Day eleven of my trip began with some light credit whoring in the greater Toronto area, beginning with Centreville Amusement Park, a family park located on Centre Island in Lake Ontario.
The park is only accessible by boat. The cheapest way to get there is from the Jack Layton Ferry Terminal, where a round-trip ticket can be purchased for an oddly-specific price of $9.11. Those on a tighter schedule can also take a water taxi across the bay, which today cost $12.50 (cash) or $13.50 (card) per person; this is pretty good value considering that you can take a city ferry back to the mainland at no charge if you don’t want to pay for a return taxi. Parking is not exactly plentiful in the immediate vicinity of the port, but there’s a decent sized lot at 43.6412, -79.3738 that costs $30 for the entire day. Alternatively, Queens Quay streetcar station is a short walk away.
The three kilometre crossing takes around fifteen minutes, though readers should be aware that the timetable appears to be advisory at best. My outbound journey left twenty minutes after the piece of paper said it should, and I saw the return service I'd hoped to catch leaving ten minutes early. As a result my planned hit-and-run visit for the roller coaster took just shy of two hours from end to end; those retracing my steps should plan accordingly.
One nice thing about the ferry is that you get a spectacular view of the Toronto skyline, and if you're lucky you'll see aircraft on final approach into Billy Bishop Toronto City Airport (YTZ), a downtown facility offering short haul connections both within Canada (Halifax, Moncton, Montreal, Quebec, Thunder Bay) and the US (Boston, Chicago, Nashville, New York). The vast majority of services are overfed by Porter Airlines on Dash-8-400 aircraft, though the well-heeled can also take semi-scheduled private jet services with FlyGTA (environmentalists need not apply). A one-way service to Chicago on a King Air B100 costs USD $14,895 for up to six people.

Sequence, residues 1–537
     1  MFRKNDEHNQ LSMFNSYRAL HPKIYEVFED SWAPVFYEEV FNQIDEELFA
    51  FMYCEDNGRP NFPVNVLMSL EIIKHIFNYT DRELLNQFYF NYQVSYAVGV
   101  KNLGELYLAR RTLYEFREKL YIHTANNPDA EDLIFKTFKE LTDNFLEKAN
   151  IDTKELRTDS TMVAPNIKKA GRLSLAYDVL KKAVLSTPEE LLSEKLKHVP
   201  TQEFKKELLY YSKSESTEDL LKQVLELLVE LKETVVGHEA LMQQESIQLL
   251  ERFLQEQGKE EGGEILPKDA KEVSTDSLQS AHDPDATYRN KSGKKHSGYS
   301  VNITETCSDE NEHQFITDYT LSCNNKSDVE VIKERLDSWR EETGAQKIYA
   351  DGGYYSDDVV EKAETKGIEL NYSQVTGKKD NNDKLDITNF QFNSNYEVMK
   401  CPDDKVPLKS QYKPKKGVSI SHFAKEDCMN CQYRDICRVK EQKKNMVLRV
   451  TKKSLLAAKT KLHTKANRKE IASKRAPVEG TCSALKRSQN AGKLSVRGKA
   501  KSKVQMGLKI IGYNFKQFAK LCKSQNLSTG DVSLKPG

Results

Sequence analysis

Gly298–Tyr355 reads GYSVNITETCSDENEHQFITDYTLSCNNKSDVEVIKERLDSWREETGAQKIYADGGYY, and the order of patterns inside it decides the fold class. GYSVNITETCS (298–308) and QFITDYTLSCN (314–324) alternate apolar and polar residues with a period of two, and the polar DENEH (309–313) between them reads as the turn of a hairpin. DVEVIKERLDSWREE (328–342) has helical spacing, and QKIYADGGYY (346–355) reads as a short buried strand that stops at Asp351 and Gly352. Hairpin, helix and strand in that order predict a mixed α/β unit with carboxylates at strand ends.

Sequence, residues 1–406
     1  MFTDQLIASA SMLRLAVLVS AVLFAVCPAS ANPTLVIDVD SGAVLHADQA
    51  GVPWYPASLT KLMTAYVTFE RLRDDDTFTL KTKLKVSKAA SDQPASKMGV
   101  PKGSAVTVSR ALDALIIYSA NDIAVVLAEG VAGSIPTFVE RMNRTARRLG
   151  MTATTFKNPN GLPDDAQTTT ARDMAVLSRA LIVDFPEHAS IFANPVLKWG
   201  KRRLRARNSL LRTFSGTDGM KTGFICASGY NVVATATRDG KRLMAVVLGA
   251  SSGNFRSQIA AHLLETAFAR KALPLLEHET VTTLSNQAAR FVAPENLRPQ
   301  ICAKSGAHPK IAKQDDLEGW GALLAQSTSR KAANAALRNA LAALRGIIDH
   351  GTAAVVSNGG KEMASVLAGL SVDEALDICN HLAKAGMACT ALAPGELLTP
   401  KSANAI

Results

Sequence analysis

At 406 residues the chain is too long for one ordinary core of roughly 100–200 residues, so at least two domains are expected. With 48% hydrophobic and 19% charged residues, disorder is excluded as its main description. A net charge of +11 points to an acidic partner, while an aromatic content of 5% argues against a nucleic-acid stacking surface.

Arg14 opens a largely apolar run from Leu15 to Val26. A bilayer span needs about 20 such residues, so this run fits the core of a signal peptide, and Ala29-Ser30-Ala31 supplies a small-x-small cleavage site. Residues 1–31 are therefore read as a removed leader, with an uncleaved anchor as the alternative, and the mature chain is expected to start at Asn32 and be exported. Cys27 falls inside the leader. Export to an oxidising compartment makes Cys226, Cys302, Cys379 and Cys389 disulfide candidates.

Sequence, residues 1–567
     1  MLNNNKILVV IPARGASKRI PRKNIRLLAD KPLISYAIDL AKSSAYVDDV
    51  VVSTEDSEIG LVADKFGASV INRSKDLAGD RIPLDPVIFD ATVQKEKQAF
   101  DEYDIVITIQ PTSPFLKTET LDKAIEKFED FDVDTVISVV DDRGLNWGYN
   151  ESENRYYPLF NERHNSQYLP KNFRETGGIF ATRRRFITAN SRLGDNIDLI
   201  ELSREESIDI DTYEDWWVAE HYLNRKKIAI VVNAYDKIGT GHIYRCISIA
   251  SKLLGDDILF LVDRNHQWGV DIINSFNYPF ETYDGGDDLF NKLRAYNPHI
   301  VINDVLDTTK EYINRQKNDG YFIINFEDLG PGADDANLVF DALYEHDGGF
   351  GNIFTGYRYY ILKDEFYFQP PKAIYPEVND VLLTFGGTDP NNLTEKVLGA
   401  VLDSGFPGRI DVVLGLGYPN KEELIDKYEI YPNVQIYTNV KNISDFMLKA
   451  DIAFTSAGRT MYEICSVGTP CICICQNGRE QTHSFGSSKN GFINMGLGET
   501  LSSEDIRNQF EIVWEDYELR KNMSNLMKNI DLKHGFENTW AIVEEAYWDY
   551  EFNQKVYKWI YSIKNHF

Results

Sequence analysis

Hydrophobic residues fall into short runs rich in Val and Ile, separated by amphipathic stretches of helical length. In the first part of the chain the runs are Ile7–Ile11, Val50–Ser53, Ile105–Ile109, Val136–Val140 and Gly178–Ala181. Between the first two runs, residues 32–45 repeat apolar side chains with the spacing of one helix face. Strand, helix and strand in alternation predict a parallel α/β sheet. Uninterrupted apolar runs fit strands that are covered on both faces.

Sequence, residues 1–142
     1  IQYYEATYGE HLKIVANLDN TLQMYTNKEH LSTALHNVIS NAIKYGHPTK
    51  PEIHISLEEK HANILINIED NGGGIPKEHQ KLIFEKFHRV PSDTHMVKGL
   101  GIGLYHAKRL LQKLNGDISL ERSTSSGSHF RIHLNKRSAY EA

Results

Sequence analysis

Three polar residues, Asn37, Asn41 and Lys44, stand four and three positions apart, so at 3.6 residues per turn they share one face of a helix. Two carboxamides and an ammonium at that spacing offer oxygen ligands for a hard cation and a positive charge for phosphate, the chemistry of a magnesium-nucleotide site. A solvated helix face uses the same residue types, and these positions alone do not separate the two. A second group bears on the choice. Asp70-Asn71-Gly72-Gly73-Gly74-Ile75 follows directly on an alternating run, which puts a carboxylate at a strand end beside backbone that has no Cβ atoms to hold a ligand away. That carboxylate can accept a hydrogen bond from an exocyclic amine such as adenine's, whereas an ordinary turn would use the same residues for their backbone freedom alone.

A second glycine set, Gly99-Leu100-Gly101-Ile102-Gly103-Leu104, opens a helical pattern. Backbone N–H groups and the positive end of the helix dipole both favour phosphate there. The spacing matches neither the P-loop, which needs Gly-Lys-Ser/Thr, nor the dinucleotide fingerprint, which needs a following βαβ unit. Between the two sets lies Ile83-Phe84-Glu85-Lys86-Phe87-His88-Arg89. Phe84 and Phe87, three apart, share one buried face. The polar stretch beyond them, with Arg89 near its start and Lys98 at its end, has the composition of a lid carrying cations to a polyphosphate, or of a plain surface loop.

Once we docked I walked around the boundaries of the park before buying the required six tickets for Toronto Island Mine Coaster (#3086), a standard E&F Miler 16ft Outside Spiral coaster with completely unpainted track. The ride definitely wasn't one of the smoother family coasters I've ridden, but a little bit of bracing allowed me to enjoy my three lap cycle. Hours later I discovered that was the last of the model that I needed to complete the set, and that there are only six operational Miler coasters that I still need to ride. It might be a while, though, given that most of them require accompanying children.
10th July 2023
After leaving Centreville Amusement Park I got stuck in a monstrously complicated one-way system courtesy of road construction, adding a good half hour to my drive to Neb’s Funworld. That said, I still managed to get there ten minutes before rides were due to open for the day so there was no harm done. (My route took me past a branch of the Bollocks Pub chain, which I’m sorry to say was closed. I’ve since looked at the menu, and have to admit a certain amount of curiosity about the Bollocks Burger; maybe next time. If anyone from the business is reading this, I strongly recommend developing an all-you-can-eat buffet called Complete Bollocks. There’s no need to pay me royalties.)
Sparetime Express (#3087) was the second Miler product of the day, in this case a smaller 11.5ft counterclockwise model relocated from a defunct branch of Jeepers that I never made it to. The ride has been installed in an upstairs mezzanine surrounded by construction paraphernalia; I’d have said that it had only just finished installation but for the fact that it shows on RCDB as having opened in 2015. The three lap cycle was flawlessly smooth, in sharp contrast to its larger brother thirty miles away; children looking for their first roller coaster experience could do a great deal worse.